Three Stars – Powerful
This autobiographical tale by Cunxin Li not only describes his own journey to freedom but that of China’s as well. Starting out as a child in a nation under Mao’s oppressive control, Li ends his life in a world where China is a respecter of international marriage laws and grants many personal freedoms. This cultural and political change made Li’s own journey possible. Directed by Bruce Beresford (Driving Miss Daisy and Paradise Road) with screenwriter Jan Sardi (The Notebook), Mao’s Last Dancer is a well-told story of political and personal transformation. The title role is played by three actors, Wen Bin Huang as a child, Chengwu Guo as a teenager and Chi Cao as an adult.
Li’s story begins in the early 1970’s when he is a young schoolboy in an agrarian province but chosen by an official from Beijing’s ballet school. Over the next decade, Li transforms from a weak and provincial child into a passionate dancer. As China opens to the world, the world-renown director of the Houston Ballet, Ben Stevenson (Bruce Greenwood), visits Beijing, sees Li’s obvious talent and invites Li to Houston to dance with his troupe.
Having been told that the rest of the world lived in unbearable darkness, Li’s eyes are opened and, when a chance romance with Elizabeth Mackey (Amanda Schull) develops, he decides to get married and remain in America. He does so not only for love but also for his art as Li enjoys the freedom to dance in classic and modern styles not allowed in China. But with his choice, he is also forbidden from returning to China. It is this loss which haunts Li and impacts their marriage.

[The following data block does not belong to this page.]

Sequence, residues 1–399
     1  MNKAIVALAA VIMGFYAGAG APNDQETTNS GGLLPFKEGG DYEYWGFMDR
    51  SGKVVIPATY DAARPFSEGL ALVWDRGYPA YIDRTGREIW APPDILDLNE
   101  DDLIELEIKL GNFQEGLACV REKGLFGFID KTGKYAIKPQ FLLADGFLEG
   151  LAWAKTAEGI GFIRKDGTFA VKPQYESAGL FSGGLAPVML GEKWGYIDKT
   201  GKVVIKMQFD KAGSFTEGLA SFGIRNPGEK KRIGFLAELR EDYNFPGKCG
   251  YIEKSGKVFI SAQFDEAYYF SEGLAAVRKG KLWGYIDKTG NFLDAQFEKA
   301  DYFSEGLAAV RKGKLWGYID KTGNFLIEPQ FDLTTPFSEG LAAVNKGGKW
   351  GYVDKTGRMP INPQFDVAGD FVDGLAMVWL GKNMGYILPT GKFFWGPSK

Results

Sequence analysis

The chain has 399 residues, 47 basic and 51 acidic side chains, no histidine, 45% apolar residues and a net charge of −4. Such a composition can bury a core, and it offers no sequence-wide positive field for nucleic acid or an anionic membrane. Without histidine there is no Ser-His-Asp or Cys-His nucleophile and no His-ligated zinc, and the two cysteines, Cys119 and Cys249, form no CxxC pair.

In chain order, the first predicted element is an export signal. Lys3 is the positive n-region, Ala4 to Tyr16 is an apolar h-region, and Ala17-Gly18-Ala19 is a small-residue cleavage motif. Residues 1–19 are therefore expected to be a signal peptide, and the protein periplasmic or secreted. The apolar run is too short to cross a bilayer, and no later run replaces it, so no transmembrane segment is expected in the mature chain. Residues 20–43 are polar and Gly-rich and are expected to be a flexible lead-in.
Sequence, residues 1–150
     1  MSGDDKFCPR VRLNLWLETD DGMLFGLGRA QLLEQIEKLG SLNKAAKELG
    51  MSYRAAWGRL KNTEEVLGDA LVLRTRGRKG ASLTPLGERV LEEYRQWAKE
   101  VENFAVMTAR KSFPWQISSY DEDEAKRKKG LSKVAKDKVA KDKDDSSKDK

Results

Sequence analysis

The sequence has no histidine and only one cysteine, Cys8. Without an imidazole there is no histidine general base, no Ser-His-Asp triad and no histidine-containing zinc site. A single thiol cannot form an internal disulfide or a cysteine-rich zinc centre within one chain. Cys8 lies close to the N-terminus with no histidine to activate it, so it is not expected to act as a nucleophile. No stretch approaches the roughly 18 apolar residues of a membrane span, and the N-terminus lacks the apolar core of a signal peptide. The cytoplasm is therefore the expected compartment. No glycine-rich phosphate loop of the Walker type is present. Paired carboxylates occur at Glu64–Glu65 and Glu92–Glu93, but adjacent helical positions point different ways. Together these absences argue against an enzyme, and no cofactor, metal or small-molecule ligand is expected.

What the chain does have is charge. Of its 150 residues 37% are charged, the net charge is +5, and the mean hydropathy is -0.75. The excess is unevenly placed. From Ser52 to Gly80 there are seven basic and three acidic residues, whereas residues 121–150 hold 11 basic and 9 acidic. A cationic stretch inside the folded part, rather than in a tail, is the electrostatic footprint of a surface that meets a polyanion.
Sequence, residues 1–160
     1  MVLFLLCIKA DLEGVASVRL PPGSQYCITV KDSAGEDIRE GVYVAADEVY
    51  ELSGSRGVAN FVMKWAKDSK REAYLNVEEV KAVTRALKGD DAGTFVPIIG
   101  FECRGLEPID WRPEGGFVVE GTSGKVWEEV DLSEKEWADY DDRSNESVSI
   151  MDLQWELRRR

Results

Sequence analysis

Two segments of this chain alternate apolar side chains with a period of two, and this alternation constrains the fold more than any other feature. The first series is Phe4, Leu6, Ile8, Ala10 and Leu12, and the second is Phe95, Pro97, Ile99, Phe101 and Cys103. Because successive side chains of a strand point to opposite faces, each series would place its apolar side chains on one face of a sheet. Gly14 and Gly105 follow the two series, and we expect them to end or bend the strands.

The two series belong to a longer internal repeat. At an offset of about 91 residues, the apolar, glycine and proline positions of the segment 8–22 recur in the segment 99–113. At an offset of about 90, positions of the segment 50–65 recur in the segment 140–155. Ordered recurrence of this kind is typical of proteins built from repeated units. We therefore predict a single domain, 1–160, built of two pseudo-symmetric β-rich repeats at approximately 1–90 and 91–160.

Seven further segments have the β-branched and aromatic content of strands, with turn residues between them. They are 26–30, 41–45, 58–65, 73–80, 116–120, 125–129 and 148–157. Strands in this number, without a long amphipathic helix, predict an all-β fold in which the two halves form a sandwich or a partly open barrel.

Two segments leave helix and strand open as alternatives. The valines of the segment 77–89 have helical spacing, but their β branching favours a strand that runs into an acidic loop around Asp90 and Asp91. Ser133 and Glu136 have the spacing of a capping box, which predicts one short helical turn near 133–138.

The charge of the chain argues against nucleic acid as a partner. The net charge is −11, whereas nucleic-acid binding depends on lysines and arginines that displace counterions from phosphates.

We won’t spoil the outcome of the story and how Li’s and China’s mutual growth come to a moving climax that celebrates the new freedoms of both, but it is an amazing tale all the more impactful because it is true. Freedom is a powerful motivator in both our personal and political lives. Like the powerful ballet presented in the film as Li learns how to express his strength and passion, the passion for freedom is something that moves all of us.
Discussion for those who have seen this film:
1. When Li’s parents are reunited with him, they express an obvious pride in him. This universal love of parents for children is true in every culture and every political system. Where do you think this parental love originates: from a biological or a spiritual place?
2. What do you think Ben means when he observes that the Chinese dancers are more like athletes than dancers?
3. What do you think broke up Li and Liz?